Your favourite names (in any language)

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Re: Your favourite names (in any language)

Postby Varislintu » 2017-04-20, 16:36

Aurinĭa wrote:I didn't realise that number, Sr, or Jr was an actual part of the name; if I ever thought about it, I thought it was just something people added for convenience's sake, rather than an official part of the name.


Yeah, I didn't know that either. I would have guessed it was part of the given name if anything.

The funny thing is, this couple was having a son, and the Finnish mother was wondering what they would do with that boy's surname. Because they wanted to continue the tradition of male naming ( :roll: ), but in Finland the child must get the same last name that the parent has. So she was wondering if the son would be 'Smith V' or 'Smith IV', officially. :lol: I find this a bit hilarious because she never apparently noticed that her last name is not the same as her husband's (being just 'Smith'). Actually I wonder how that works, can you just technically take any last name for yourself at marriage? Or should she technically have taken 'Smith IV' if they got married in Finland? :lol: What a mess!

And future siblings must get the same last name as previous siblings, so if the boy had been 'Smith V' officially, would the next, say a daughter, also be 'Smith V'?

The whole thing is ridiculous, I don't think the Finnish officials should ever have incorporated the ordinal into the man's Finnish offical identity.
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Re: Your favourite names (in any language)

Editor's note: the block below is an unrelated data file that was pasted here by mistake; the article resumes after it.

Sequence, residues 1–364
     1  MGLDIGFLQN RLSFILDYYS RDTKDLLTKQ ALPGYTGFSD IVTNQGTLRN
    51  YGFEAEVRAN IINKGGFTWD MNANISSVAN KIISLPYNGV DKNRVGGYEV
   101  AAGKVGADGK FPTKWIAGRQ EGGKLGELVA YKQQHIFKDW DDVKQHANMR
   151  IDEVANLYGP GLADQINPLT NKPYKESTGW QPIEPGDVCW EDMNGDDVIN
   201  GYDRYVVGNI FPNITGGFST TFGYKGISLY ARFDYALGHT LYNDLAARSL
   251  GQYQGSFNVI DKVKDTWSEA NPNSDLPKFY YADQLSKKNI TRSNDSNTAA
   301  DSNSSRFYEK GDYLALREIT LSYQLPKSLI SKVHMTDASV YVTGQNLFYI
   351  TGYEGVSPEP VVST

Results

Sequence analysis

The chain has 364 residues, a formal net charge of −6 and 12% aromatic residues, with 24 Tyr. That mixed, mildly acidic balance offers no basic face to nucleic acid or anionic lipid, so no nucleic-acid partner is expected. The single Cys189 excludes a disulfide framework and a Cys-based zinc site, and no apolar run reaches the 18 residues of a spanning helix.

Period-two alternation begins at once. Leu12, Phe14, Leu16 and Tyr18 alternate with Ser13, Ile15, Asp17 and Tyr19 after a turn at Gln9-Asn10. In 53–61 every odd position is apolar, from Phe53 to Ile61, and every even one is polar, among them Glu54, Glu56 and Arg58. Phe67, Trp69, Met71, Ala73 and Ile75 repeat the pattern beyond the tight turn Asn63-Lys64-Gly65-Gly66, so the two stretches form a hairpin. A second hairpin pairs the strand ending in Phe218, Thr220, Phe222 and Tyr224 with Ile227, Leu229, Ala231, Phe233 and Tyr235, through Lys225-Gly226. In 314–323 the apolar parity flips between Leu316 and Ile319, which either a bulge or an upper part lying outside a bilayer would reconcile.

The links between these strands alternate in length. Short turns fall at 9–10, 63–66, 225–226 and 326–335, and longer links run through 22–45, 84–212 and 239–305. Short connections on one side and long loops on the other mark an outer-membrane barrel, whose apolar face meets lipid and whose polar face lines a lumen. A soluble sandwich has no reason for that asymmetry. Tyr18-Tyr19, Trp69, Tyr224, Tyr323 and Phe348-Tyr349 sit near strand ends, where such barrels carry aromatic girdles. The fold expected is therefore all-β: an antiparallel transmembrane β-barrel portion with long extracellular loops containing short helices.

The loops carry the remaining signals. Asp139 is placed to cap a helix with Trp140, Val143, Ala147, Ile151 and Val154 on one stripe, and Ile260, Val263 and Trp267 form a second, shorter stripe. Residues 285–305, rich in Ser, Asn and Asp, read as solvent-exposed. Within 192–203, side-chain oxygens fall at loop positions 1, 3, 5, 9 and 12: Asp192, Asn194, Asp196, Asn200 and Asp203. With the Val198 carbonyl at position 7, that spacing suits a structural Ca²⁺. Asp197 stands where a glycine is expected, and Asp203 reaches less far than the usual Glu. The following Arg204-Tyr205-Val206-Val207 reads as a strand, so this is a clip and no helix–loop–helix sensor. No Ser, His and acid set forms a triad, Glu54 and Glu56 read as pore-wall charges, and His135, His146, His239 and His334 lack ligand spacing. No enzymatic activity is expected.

Postby linguoboy » 2017-04-20, 17:03

I'm not totally sure what the current status is of these names here. Traditionally the numbers etc. were simply something added for the sake of convenience and had no official status. Furthermore, those in a direct line moved up following the death of a progenitor. For instance, my father was a "Jr", but he didn't name any of us after him, so when my grandfather died, he simply dropped the suffix. (Until this discussion, I'd actually forgotten he'd ever used it.)

Nowadays, it seems people often keep the designation. My college roommate, for instance, used "III" after his name even though his grandfather was no longer living. This makes me wonder if databases and other pseudo-official records are increasingly treating these suffixes as part of the name proper rather than an adjunct. I know that our current standard for bibliographical description, RDA, now considers them integral and allows their incorporation into established forms. (Previously, established forms would be distinguished by birth/death/flourished dates alone.)
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Re: Your favourite names (in any language)

Postby Aurinĭa » 2017-04-20, 17:26